Also Reviewed Here

Have you written a review for this book? I would love to include it, comment below and I'll add your link!
Life As We Knew It
Susan Pfeffer
339 pages; published 2006

Sometimes I think about how things used to be. I’d never been anyplace, not really. Florida once and Boston and New York City and Washington and Montreal and that was it. I’d dream of Paris, of London, of Tokyo. I wanted to go to South America, to Africa. I always assumed I could someday.

But my world keeps getting smaller and smaller. No school. No pond. No town. No bedroom. Now I don’t even have the view out the windows.
I feel myself shrivelling along with my world, getting smaller and harder. I’m turning into a rock, and in some ways that’s good, because rocks last for ever.
But if this is how I’m going to last for ever, then I don’t want to. (237)

When astromers start talking excitedly about an asteroid hitting the moon, sixteen-year-old Miranda sees it as little more than an opportunity for her teachers to pile on extra homework. Sure, it's not everyday you can the moon being hit with the naked eye, but at the end of the day she'd much rather be watching TV or reading posts on her favourite online message board.

What the astronomers don't anticipate, however, is that the asteroid is much denser than originally thought, dense enough to actually knock the moon slightly out of orbit. Suddenly the moon is playing havoc with Earth's tides, resulting in wipe-out level tidal waves, and the increase of it's gravitional pull is creating volcanoes where there never was before. Life as everyone knew it is over, and the Earth's population is in serious trouble.

I guess I always felt even if the world came to an end, McDonalds would still be open. (47)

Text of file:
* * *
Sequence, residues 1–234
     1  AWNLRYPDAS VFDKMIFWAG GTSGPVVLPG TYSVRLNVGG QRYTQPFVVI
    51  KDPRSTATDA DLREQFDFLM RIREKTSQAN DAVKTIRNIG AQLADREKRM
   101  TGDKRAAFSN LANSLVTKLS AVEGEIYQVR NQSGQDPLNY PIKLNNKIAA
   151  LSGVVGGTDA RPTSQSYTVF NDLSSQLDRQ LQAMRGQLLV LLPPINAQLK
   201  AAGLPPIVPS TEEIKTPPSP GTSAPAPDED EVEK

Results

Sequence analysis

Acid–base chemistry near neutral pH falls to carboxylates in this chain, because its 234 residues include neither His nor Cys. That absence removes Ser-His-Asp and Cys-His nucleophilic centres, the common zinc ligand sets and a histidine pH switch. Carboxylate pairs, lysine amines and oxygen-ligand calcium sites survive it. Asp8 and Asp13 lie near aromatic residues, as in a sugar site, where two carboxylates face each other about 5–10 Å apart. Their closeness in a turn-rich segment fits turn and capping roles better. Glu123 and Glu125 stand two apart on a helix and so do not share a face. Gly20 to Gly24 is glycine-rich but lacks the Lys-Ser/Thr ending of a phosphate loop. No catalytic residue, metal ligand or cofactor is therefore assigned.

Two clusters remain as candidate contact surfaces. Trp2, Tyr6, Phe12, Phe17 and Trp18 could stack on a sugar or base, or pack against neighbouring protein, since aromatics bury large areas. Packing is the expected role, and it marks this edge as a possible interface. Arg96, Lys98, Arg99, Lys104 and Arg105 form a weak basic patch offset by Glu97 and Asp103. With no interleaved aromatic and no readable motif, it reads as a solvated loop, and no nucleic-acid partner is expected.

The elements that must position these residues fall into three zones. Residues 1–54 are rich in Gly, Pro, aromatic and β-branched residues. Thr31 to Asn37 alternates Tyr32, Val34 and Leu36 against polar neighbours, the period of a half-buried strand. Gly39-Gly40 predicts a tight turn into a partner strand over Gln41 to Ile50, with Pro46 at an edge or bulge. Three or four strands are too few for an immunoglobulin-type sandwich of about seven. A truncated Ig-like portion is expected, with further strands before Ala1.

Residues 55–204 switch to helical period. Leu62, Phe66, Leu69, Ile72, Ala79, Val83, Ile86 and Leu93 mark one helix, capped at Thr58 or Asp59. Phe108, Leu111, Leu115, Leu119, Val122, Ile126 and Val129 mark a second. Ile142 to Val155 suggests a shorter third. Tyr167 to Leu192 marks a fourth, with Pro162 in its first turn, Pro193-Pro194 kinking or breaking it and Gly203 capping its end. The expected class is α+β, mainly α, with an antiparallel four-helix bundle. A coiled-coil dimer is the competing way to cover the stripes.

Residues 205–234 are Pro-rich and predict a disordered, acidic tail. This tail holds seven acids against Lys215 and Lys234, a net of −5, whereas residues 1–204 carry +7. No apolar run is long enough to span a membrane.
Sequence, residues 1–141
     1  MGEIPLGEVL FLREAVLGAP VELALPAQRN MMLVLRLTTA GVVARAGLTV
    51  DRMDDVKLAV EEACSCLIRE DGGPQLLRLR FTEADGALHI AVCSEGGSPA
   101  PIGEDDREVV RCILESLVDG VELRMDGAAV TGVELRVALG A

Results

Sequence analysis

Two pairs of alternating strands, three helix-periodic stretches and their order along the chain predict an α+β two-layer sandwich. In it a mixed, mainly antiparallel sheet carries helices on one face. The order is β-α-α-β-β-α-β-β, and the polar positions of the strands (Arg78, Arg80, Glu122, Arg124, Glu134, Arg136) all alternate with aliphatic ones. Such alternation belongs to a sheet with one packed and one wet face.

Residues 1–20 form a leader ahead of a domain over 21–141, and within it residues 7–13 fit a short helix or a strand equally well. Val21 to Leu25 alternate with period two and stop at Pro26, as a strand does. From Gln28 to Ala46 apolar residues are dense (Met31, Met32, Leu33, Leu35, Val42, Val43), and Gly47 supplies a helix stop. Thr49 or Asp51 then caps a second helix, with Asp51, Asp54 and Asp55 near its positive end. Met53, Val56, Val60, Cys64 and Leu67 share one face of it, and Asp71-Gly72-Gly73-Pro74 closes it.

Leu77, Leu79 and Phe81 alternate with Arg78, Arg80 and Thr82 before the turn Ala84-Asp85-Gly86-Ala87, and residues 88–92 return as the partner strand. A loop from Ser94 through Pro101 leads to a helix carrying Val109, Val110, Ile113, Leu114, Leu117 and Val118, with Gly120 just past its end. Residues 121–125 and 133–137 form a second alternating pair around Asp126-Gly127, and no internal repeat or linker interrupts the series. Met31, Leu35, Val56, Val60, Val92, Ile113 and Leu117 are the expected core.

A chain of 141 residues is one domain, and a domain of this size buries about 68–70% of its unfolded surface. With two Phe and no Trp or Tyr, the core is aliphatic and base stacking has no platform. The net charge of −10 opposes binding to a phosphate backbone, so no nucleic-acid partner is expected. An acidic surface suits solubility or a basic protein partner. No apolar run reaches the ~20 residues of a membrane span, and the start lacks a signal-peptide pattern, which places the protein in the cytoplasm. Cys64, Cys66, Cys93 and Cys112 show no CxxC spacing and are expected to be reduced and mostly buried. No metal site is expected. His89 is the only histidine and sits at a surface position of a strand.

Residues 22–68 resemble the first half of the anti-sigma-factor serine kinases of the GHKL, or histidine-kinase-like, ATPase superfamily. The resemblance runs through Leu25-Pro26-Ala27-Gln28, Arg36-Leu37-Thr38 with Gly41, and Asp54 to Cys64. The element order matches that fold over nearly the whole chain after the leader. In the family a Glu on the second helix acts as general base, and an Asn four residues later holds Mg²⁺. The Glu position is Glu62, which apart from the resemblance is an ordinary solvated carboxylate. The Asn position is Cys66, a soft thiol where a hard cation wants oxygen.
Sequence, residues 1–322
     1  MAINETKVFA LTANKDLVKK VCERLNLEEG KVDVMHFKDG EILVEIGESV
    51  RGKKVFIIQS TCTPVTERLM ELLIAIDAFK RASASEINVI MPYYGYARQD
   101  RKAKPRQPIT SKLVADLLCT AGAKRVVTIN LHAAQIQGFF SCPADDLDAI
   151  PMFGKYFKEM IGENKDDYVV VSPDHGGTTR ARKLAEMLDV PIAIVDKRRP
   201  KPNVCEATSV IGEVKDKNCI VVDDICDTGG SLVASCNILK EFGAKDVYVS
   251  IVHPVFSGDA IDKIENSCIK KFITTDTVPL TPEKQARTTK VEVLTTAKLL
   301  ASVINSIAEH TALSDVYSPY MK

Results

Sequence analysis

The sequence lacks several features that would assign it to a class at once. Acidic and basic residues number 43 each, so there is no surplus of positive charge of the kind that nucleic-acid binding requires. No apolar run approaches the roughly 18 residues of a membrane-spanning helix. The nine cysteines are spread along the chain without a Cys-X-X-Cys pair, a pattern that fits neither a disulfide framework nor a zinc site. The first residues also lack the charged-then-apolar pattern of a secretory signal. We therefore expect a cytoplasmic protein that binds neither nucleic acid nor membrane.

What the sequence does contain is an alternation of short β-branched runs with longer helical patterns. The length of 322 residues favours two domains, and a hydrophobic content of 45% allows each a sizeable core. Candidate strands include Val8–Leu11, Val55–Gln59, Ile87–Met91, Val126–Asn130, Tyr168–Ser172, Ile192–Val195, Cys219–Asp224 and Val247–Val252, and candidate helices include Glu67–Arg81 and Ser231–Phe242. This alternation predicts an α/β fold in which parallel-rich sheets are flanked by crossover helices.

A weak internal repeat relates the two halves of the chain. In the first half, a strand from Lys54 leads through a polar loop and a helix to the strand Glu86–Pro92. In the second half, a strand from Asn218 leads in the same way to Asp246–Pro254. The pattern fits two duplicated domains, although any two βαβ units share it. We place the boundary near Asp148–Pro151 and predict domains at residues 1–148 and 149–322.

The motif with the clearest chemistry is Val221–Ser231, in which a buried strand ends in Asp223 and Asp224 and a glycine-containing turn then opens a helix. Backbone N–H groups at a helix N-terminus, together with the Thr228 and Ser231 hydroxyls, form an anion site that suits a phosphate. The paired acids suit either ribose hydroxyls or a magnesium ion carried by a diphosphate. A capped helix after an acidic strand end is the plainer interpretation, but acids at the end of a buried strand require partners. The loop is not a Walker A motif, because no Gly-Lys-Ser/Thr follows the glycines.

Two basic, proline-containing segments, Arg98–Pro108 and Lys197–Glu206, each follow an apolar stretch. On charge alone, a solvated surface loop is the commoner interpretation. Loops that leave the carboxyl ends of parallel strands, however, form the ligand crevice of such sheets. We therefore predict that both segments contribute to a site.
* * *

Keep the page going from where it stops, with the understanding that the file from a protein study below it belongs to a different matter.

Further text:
Chronicling her family's struggles to survive in her diary, Miranda finds her life completely changed. Suddenly no access to internet or television isn't the problem. There is now no heat, no hot water, no phone. There is limited ways of cooking food - and that's if you have food in the first place, and then there's water to consider. Volcanic ash is covering the sky, making it near impossible for any amount of the sun's heat to get through.
Somehow it's harder to focus (though she gives it her all) on the regular teen things like keeping up your grades, dating, and arguing with your mother when you're wondering if you're going to be able to eat tomorrow, or, out of you and your two brothers, which is more likely to survive.
Life As We Knew It was an incredibly moving book; I found myself openly crying in several places, especially towards the end. Miranda's voice was just so real, so completely honest and the things she and the rest of her family have to deal with are just astounding. An excellent read. 4.5/5

Other Reviews
Have you written a review for this book? I would love to include it; comment below and I'll add your link!

Teaser Tuesday (Sept 9)

TEASER TUESDAYS asks you to:
  • Grab your current read.
  • Let the book fall open to a random page.